The Battalion. (College Station, Tex.) 1893-current, April 28, 1987, Image 1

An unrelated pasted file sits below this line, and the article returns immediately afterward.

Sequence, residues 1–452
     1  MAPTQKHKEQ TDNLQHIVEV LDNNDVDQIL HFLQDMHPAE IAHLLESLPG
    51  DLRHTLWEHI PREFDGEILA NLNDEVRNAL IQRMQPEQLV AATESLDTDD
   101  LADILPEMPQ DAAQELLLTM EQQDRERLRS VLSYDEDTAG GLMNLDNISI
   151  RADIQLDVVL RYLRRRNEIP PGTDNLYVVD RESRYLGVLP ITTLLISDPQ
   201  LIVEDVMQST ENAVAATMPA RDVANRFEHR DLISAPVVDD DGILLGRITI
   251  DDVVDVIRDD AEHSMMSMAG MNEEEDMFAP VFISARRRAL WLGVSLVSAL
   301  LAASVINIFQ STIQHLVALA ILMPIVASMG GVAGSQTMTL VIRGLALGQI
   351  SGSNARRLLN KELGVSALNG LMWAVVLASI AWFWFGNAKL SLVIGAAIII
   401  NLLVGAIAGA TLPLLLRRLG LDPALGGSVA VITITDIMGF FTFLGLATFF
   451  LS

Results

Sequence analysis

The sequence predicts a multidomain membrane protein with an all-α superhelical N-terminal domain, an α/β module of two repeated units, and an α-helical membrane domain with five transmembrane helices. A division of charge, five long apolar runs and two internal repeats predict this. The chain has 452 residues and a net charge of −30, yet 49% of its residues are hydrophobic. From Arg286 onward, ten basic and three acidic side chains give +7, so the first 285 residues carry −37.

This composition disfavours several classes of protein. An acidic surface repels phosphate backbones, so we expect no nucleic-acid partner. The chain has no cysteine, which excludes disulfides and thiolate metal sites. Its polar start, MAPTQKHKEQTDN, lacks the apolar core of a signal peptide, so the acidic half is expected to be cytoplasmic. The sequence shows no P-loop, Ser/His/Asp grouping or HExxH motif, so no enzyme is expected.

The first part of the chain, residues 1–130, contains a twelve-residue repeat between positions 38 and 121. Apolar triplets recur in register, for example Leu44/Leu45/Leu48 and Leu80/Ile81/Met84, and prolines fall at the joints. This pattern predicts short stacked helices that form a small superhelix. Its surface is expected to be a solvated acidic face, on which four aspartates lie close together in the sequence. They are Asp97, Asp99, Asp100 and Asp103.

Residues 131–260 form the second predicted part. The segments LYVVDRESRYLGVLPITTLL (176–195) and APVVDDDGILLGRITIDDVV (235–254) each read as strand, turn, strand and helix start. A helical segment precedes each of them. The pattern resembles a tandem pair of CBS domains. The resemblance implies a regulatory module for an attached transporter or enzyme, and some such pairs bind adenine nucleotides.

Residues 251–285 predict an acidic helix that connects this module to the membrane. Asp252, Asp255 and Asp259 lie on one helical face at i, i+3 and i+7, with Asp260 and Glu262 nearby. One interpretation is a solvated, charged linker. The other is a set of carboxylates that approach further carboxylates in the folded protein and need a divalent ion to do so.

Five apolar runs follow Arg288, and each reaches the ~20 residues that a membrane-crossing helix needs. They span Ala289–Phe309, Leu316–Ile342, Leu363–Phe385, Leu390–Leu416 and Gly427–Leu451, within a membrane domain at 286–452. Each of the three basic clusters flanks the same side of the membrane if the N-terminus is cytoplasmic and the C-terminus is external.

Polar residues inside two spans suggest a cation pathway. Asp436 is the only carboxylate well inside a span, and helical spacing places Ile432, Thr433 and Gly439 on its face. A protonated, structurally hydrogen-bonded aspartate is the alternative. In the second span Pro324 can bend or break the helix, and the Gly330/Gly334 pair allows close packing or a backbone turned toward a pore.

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■fat nise raf'at had agra its to negotiatt nent under a) i strong Wi host governm meh and Hai rptly upped the PLO's nti at wouJd hi((' National Com abandon I gyp 1 - eement was ty by all the Pli confirmed Aral The Battalion .82 No. 145 CISPS 045360 8 pages College Station, Texas Tuesday, April 28, 1987 opinions of it decisions, then’ nost ability to t Ixidy preside: ive their wer in that.’’ t politician atti :ie administrao hy, he lessen: what he wants ive a lundanic 1 said. "1 (hint rode your base go into a id at rather thanl olitician tryitj er, administnt nore him .s to his guns, dents are ey believe tbi ce a differente lies, but a mill ul student to e the office to power. g to give us pi e going to ban A maids I. EVERY IG m I img Range is lo- lent Services, lent Vandivet grand open- concessions m. : does rain, it Read Build- id Intramural 9 p.m. Indivi- Demonstrators flock to CIA lawn in protest McLEAN, Va. (AP) — Peace dem onstrators protesting Reagan admin istration policies blocked roadways at CIA headquarters Monday, caus ing rush-hour chaos in this serene suburban community and inconve niencing hundreds of commuters. There were more than 550 arrests. There were no incidents of vio lence in the protest, which culmi nated three days of demonstrations against American policies in Central America and southern Africa. It was a day that evoked memories of the anti-war protests of the 1960s, replete with slogan shouting, sing ing, pamphlet passing, placard wav ing and speechmaking by a cross- section of people representing all re gions, ages and races. CIA spokeswoman Kathy Pherson said that, so far as she knew, it was the first large-scale protest at the agency since the headquarters, about six miles from Washington, D.C., opened 25 years ago. The U.S. Park Service said Fairfax County police, responsible for the south gate at the sprawling, tree- lined installation here, arrested 355 persons. Ninety of them were taken to jail for refusing to identify them selves or other reasons. The U.S. Park Police, with juris diction over the north gate, arrested 183 persons. Another 15 were taken into custody by the Federal Protec tive Service. From shortly after dawn until about 9:30 a.m. CST, demonstrators sat down on roadways leading to the spy headquarters, preventing vehicle access. Some were escorted on foot by police to a nearby precinct, while others were hauled away in paddy wagons, many with their hands tied behind their backs. The mood of the demonstrators shifted frequently during the pro test, with many angrily shouting anti-CIA slogans only to revert mo ments later to light-hearted banter with their companions and the po lice. There were cheers for the protes ters as they were carted off in police vans and, as the demonstration wound down, cheers for the re straint exercised by the police. The demonstration attracted a range of participants — from teen agers with “punk” haircuts, to mid dle-aged clerics to elderly grand mothers. They included men in pinstripes and a less elegant group which dropped their pants, exposing a political statement across their naked bottoms: “No Reagan.” Power to set limits on enrollment may shift to Coordinating Board By Lee Schexnaider Reporter Boards of regents of Texas uni versities will lose the power to limit enrollments if bills pending in the Texas House of Representatives and the Senate become law, said Bill Presnal, executive secretary for the Texas A&M University System Board of Regents and vice chan cellor for state affairs. House Bill 2181 was taken from recommendations of the House Se lect Committee on Higher Educa- Bill to allow regents to set tuition rates for state schools By Lee Schexnaider Reporter A major provision of a bill in the House of Representatives will enable boards of regents at state universities to set different tuition rates. Dr. William Mobley, deputy chan cellor for academic and resource de velopment, said the hill will set a minimum tuition level and allow the boards of regents to raise the tuition to double the minimum. The bill now is in the calender committee awaiting scheduling for a floor vote. Mark Browning, the higher edu cation coordinator for the Legis lative Study Group of the A&M Stu dent Government, said a similar Iowa law in 1969 was enacted with out such restrictions and enabled the state board of regents to raise tuition by 70 percent. This was done two days after the state legislative session closed. In the next session, the Iowa Legislature froze the tuition levels, he said. Dr. Eugene Payne, vice president for finance and administration for Texas Tech University, said there are feelings on both sides of the issue at his institution. “If you look at other states with similar policies, the rule puts the stu dent body and administration at odds,” Payne said. “Typically, the rates go up rapidly and state support of higher education goes down.” L. Lowry Mays, a member of the A&M Board of Regents, said he was not opposed to universities setting their own tuition rates. “The regents would embrace that responsibility,” Mays said. Royce E. Wisenbaker, another A&M regent, said this is mainly a po litical issue. “It’s really a hot potato,” he said. Joe H. Reynolds, vice chairman of the A&M board, said the problem is that financial conditions may cause See Tuition, page 8 tion and is sponsored by Speaker Gib Lewis, Presnal said. “It has a lot of momentum,” he said. “Only every eight or 10 years does a speaker put his name on a bill. It’s a clear signal that the bill is a high priority.” Joe H. Reynolds, vice chairman of the A&M Board of Regents, said Le wis wants to keep the bill from get ting bogged down in the politics of the Texas Legislature. “I think Lewis thinks this is a problem that needs to be on a higher plane,” Reynolds said. “We need someone to make those tough deci sions out of the political arena.” Both House Bill 2181 and Senate Bill 1140 would transfer the power to set enrollment limits to the Coor dinating Board, Texas College and University System. According to the House bill, the 18-member board will represent the “highest authori ty” in the state on matters of higher education. The document states the board shall have the power to set maxi mum enrollment limits for all public universities and colleges in Texas. Presnal said the Coordinating Board has not been overpowering in the past, but some officials think the board may be getting too much power. Jess Hay, chairman of the Board of Regents for the University of Texas System, said he doesn’t agree with the shift of power. “I think, ultimately, that partic ular matter ought to be left to the See Enrollment, page 8 Fold Glory Photo by Andy Kirkpatrick John Vitacca, a sophomore Business Administration major from Ir ving, folds the flag toward Jim Lundsford, sophomore Business Ad ministration major from Bryan. Responsibility for the flag alternates from unit to unit. Vitacca and Lundsford are from Squadron 13. House OKs new bill on budget AUSTIN (AP) — A House com mittee Monday approved a 1988-89 state spending bill that is far short of expected revenue for the next two years and more than Gov. Bill Clem ents says he will approve. The House Appropriations Com mittee, by a 20-8 vote, voted for an appropriations bill that would spend $39.4 billion from all funds. The Senate has approved a $39.9 billion bill. Clements has recommended a $36.9 billion bill, which is within available revenue plus a $2.9 billion tax increase that Clements said is the maximum he will approve. The differences between the spending bills finally passed by the House and Senate will be settled by a 10-member conference committee before it goes to Clements. Rep. Jim Rudd, D-Brownfield, House committee chairman, said the measure apparently will be debated next Monday or Tuesday. “We’re going to have a fight on the floor,” Rudd said. “It’ll be too much to some and too little to oth ers.” The $39.4 billion overall spending figure includes $28 billion spending from the general revenue fund, which provides money for most state government operations. Albert Hawkins of the Legislative Budget Board said general revenue estimates for the next year total $24.9 billion, providing the 1986 temporary sales tax increase is ex tended and taking into consider ation the $1 billion current deficit. Since the House bill would spend $28 billion from general revenue, this leaves a $3.1 billion shortfalT in the state’s most important revenue source. Students with unpaid tickets soon will be issued warrants By Curtis L. Culberson Staff Writer Students with outstanding tick ets soon may be visited by one of the University’s finest. Justice of the Peace Mike Calli- ham has directed the University Police Department to issue war rants to all students who have not paid the fines or appeared in court for all violations except parking, court clerk Louisa Dunn said Monday. Director of University Police Bob Wiatt said, “They (students) know who they are, because they have to sign the tickets.” Warrants will be issued to stu dents who have outstanding tick ets for moving violations, simple assaults or any class-C misdemea nor. - Dunn estimates there are more than 600 outstanding tickets, and she said the warrants are being processed for all outstanding tick ets filed in Calliham’s and Justice of the Peace Wesley Hall’s courts. Wiatt said, “When you sign a ticket, you are agreeing to contact je on your own. student has been issued Quest for presidency loaded with pitfalls Campaigning disillusions candidates By Christ! Daugherty . Staff Writer The campaign begins inno cently enough. A group of stu dents with the best intentions set out to “make a difference” on the campus by becoming student body president. Idealism in its purest form. But before it’s over, they’ll spend hundreds of dollars, they’ll lose friends, fail tests and absolu tely never sleep. To those who’ve never done it, campaigning simply doesn’t look that hard; but for those involved, it’s a lesson in dedication, deter mination and, more likely than not, losing. Primary campaigning lasts a week and a half, and for the two candidates who make it to the runoffs, campaigning lasts an other week. On the Sunday night before campaigning is allowed to begin, a candidate can feasibly look forward to two and a half weeks of constant work. Sean Royall, last year’s student body president, said he lost 10 pouncls during those two weeks. Mike Sims, the current president, lost six. And the work is not just physical — it’s emotionally and mentally draining and often very demoralizing. “I started out an energetic, ide alistic dynamo, with my main goals all set out,” Sims said. “You know, 1 came into the office really idealistic, but I’ll leave it far less than idealistic.” Sims, a transfer student who had been at Texas A&M for only three full semsters when he ran for president, ran on a campaign called “Aggie Plan ‘86.” Because he didn’t think he could win on the value of his name alone, he developed a project with a catchy title and played it to the hilt. The only way to get elected, former presidents say, is to blan ket the campus. Attend every meeting of every group and get them to remember your name. Sims, Royall, and David Alders, in their individual races, all were on the Quadrangle talking to the Corps of Cadets every morning at formation at 6:30 a.m. and at tending dorm council meetings at 10:30 p.m. each evening. In between, they dashed from sorority houses, to club meetings — like hometown groups, and academic clubs — and then “doorknocked” for at least an hour before the 9 p.m. deadline. When doorknocking, they dis persed their campaign workers to as many dorms as possible and went from door to door, dis cussing the candidate and con vincing residents to put the flyers on their doors. This work was, by necessity, constant until the final election of the runoff campaign. Alders calls the campaign “an encapsulated time period, where there’s so much you must do, and so little time.” After being elected and hoping to settle smoothly into office, Sims and Royall first had to deal with scandals involv ing charges of overspending lev eled against their campaigns, somewhat of a campus tradition as a similar situation occurred this year with Miles Bradshaw’s cam- paign. Royall describes his situation, when accusations of overspend- The student body presidency Part two of a two-part series ing plagued his campaign before and after the election, as utterly depressing after all the work he’d put in, and admits there were times when he wanted to quit. “It was really discouraging — I was completely overwhelmed by it — but David Alders encour aged me to keep going,” Royall said. “I lost 10 pounds, I wasn’t sleeping and I didn’t go to class at all for three weeks.” Both say the worst thing about such charges was the sickening feeling that people on campus as sociated their names with illegal acts, whether they did them or not. Both later were cleared of all charges. But once they overcame that obstacle, they were in for an even bigger shock — the realization that despite lofty, well-intended goals, there was really not a whole lot they could accomplish. Sims’ Aggie Plan, for instance, was rather quickly forgotten. A lot of the goals of the plan never came to pass. Goals like a school wide quiz file and a tutorial clear inghouse faded quickly from memory because, he said, he dis covered he didn’t have the power to initiate most of them without the time and effort of a lot of peo ple, most of whom were unwilling to cooperate. “All politics aside, it was a good idea and I really believed in it,” Sims said. “A lot of it didn’t hap pen, and that’s mostly our fault. “After school started we were still full of energy and getting E eople to work on my projects, ut as the semester wore on, the Senate worked less and less on the legislative agenda, and some aides became less interested in their projects. That’s partly my fault too because I’m such an uns tructured manager. “When I first started I was ab solutely full of energy, but misdi rected energy, because nobody really knows how to be student body president except someone who’s already done it,” Sims said. Sims isn’t alone in that lost feel ing; Royall remembers it well. “It’s a huge organization that’s kind of difficult to control,” Roy all said of Student Government. “No student body president can do these things alone. We tried to motivate people — we held meet ings and all that — but it never worked. “When I look back, there are a number of things I wanted to ac complish but never did.” Alders is amused by the mem ory of the promises candidates make during the campaign, be cause his experience has shown him that presidents simply don’t have the power to accomplish them. “Campus politics being what they are, it seems to me it’s always easier in a campaign to say things that make the position seem to have more weight than it does,” Alders said. “Take senior finals, for instance. It’s easy to say you can do things you’re not going to be able to carry out. “And the bulk of the student body are not privy to the infor mation that would let them know that the candidate will not be able to do all he says. You always cam paign with generalities — getting the poor, downtrodden, unrepre sented represented more. “I was always amused when the campaign rolled around and some of those aspiring politicians would get on their soap boxes about issues about which they have absolutely no control.” It is the uninitiated who really aren’t prepared for the job, for the bureaucracy, the futility and See Campaigning, page 8 the judge or pay the fine within 10 days. “Don’t wait for us. Contact the jud .l ticket by UPD and has chosen to ignore it, hoping it will be forgot ten, that student had better think again. “Justice Calliham is very serious — he doesn’t intend to let stu dents leave College Station for the summer without making the max imum effort to bring them before the halls of justice,” Wiatt said. Dunn said students who have outstanding tickets could either pay the fines or make arrange ments to see the judge to avoid a warrant. Wiatt said a warrant officer will call the students and arrange for them to come in and take care of their violations, or he could have officers go out and arrest stu dents. He said a similar situation oc curred a year ago. “Last year, College Station po lice went out and picked students up,” he said. “They went to apart ments to arrest students, and on some occasions, University offi cers accompanied College Station officers to arrest students coming out of classes.” Wiatt said he hopes ticket recip ients voluntarily will take care of the violations but said that there is a possibility that he will have offi cers go out and pick the students up. There is quite a backlog of com plaints filed, Wiatt said, and police may not get to them all. But those students who are not served a warrant or choose not take care of the violations aren’t getting away with breaking the law. “The judge will issue a failure- to-appear warrant to anyone who hasn’t cleared up their tickets be fore they leave for the summer,” Wiatt said. “Failure-to-appear warrants are put out in a law-enforcement net work,” he said. “You could be ar rested this summer in Dallas, Aus tin or anywhere else around the state. “They could put you in the slammer, and that would be a real hassle. “If you don’t get caught by some Texas police agency this summer, the warrant will still be waiting for you in the fall.” He added that the warrant may stay on record for as long as four or five years.